11. I've been working on an OpenGL program and wanted to create a "video generation mode" where it outputs to a series of numbered targa files that can later be collated with a video editing tool.  I'm using glut with OpenGL (without shaders) and Visual C++ express on Windows.   What I've found is that it works fine when the window is open -- each output targa image is correct.   The moment I close the window, I found that the rendering code keeps running -- if I have cout's they keep printing to the console.  If does not render correctly to the targa images at that point - every other frame it is upside down and swaps red and blue. If I could detect window close events, I could terminate the application on a window close so that it stops outputting targa images, but this version of glut does not have that callback and freeglut is not an option.   The relevant code is below...           //The following section is after the openGL rendering code                 glReadBuffer(GL_BACK); //Tried with and without this line         glFlush();  //Tried with and without this line                 //This does the buffer read         glReadPixels(0, 0, windowWidth, windowHeight, GL_RGBA, GL_UNSIGNED_BYTE, screenBuffer);           //Vertically flip the image in memory - it flips two rows from the screen in memory at a time         //The images will be upside down without this         for (int i = 0; i < windowHeight / 2; i++)         {             if (i != windowHeight - i)             {                 memcpy(temp,(uint8_t *)&screenBuffer[i * windowWidth * 4], windowWidth * 4 * sizeof(uint8_t));                 memcpy((uint8_t *)&screenBuffer[i * windowWidth * 4], (uint8_t *)&screenBuffer[(windowHeight - i) * windowWidth * 4], windowWidth * 4 * sizeof(uint8_t));                 memcpy((uint8_t *)&screenBuffer[(windowHeight - i) * windowWidth * 4], temp, windowWidth * 4 * sizeof(uint8_t));                         }         }           //I used the C targa library at -- http://dmr.ath.cx/gfx/targa/         sprintf(imageFileName, "videoFile%d.tga", frameNumber);         tga_result result = tga_write_rgb(imageFileName, screenBuffer, windowWidth, windowHeight, 32);           frameNumber++;
  12. I was trying to implement Shape Context in order to identify a single textual character. I was trying to achieve rotation invariance. The general approach for shape context is to compute distances and angles between each set of interest points in a given image. You then bin into a histogram based on whether these calculated values fall into certain ranges. You do this for both a standard and a test image. To match two different images, from this you use a chi-square function to estimate a "cost" between each possible pair of points in the two different histograms. Finally, you use an optimization technique such as the hungarian algorithm to find optimal assignments of points and then sum up the total cost, which will be lower for good matches. I've checked several websites and papers, and they say that to make the above approach rotation invariant, you need to calculate each angle between each pair of points using the tangent vector as the x-axis. (ie http://www.cs.berkeley.edu/~malik/papers/BMP-shape.pdf page 513) What exactly does this mean? No one seems to explain it clearly. Also, from which of each pair of points would you get the tangent vector - would you average the two? A couple other people suggested I could use gradients (which are easy to find in toolsets such as Matlab) and use this as a substitute for the tangent points, though it does not seem to compute reasonable cost scores with this. Is it feasible to do this with gradients?
  13. I meant programming the 3D movement and rendering of objects, often done in movies but possibly applied to video games (interactive play or in cut scenes). I said computer science because I meant the more technical side of it (programming, math, etc). There is also an "art side" of it, but I wasn't interested in this focus.
  14. I apologize for asking too broad of a question. What I meant to ask is - Do people think Ohio State University or the University of Pennsylvania has a better repuation for animation for computer science now? The University of Pennsylvania seems to have more professors that study topics in animation now, but Ohio State University seems to have had more of a historical influence in years gone by and has more professors in graphics in general now.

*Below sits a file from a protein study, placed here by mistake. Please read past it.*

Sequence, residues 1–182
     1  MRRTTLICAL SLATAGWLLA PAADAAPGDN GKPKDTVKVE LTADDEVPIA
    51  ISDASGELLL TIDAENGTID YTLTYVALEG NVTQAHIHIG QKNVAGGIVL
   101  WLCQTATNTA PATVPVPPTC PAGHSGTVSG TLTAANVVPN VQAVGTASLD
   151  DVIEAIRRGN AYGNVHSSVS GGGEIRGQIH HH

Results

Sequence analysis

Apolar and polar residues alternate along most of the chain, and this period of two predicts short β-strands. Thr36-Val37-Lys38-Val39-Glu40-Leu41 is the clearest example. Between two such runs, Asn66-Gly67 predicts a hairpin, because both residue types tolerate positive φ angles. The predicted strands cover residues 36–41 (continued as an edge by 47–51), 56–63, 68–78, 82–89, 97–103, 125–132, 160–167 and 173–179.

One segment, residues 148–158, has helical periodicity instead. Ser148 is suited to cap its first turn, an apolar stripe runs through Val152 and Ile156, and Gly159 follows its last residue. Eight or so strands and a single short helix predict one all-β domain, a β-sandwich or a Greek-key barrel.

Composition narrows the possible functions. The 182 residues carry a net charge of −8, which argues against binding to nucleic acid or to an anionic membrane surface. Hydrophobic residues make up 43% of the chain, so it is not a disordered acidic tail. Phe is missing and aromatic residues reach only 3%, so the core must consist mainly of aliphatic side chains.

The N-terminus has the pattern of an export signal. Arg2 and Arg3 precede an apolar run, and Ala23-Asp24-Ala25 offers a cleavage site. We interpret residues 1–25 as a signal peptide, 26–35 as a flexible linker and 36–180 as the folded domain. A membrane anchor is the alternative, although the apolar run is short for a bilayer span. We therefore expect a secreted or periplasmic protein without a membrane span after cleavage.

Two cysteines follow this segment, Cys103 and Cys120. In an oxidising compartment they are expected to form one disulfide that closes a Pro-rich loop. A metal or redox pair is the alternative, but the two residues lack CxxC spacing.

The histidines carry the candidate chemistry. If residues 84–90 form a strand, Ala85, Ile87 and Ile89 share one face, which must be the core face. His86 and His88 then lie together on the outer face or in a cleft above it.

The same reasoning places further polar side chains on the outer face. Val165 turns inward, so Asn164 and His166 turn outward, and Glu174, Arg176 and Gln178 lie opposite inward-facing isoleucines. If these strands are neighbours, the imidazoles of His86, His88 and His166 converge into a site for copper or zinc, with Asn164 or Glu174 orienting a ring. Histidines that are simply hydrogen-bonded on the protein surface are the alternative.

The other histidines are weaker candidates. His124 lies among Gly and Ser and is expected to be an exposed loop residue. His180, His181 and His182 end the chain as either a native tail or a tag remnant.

15. I've been applying to several schools for graduate work in computer science. My interests are graphics, physics simulations, interactive simulations, and artificial intelligence. I currently work in Information Technology and could use a lot more training in my computer science areas of interest. These are two of the best looking offers I received. [color=#008000]Does anyone know if the University of Pennsylvania (UPenn) or Ohio State University is better if I decided I wanted to focus on the animation side of graphics programming (possibly interactive)?[/color] It sounds like Ohio State has historically had a strong suit here, but I was concerned some of the animation professors may have left in recent years. Ohio State does have a broader study in graphics, however. [b]UPenn ([/b]http://cg.cis.upenn.edu)[b]:[/b] --Ivy League institution --#17 in Computer Science --3 professors that heavily focus on animation (or games). Also has a more expansive game development program. --4 total graphics professors. It sounds like their graphics and game development programs are very well respected. --They may have stronger AI - I saw 3 computer vision professors --Admission to masters program. This Masters of Science of Engineering is NOT easily transferred to a PhD program at UPenn, but it is possible --Financial support can be applied for but is limited for masters students. Tuition cost is $55,000 for degree (probably 2 - 2.5 years). --Industry connections look very good - Pixar, Dreamworks, Disney, Electronic Arts, Microsoft, Sony, Activision, Blue Sky Entertainment [b]Ohio State University[/b] (http://www.cse.ohio-state.edu/research/graphics/ and http://www.cse.ohio-state.edu/~parent/) --Was noted for being a public institution with a rigor comparable to an Ivy League institution - a "public Ivy" --#28 in Computer Science --Only 1 professor that directly focuses research on animation. They do have more breadth in areas of graphics, however (animation, science, medical, computational geometry). --7 total graphics professors. From what I'm hearing their graphics program is probably premiere. --They don't have as dedicated of a "game development" program but they do have classes in it, and the courses teach the main topics one would need to know. --The AI does look innovative - the computer vision project identifies suspicious behavior of thieves in parking lots. I know they also do sound analysis. --Admission to PhD program. It is possible to downgrade to a masters if necessary by petitioning a committee. --Full tuition waiver and stipend (with PhD program and Graduate Teaching Assistantship position). Without a waiver I think out of state tuition is $26,000 / year, but it may be cheaper. --I have seen very good industry connections - Graphics: Pixar, Dreamworks, EA Games, NVidia, National Labs. AI: BAE, Texas Instruments, Microsoft. Their graphics graduates historically have had a major impact on the film industry. I also received offers for a masters program at Texas A&M (#47 in CS) and the University of Southern California (#20 in CS). One of the main concerns now is the economy and jobs. If I did a masters degree, there is a chance I could perform my current job part time remotely while pursuing the masters degree. As for the PhD it can be useful for becoming a researcher in some companies.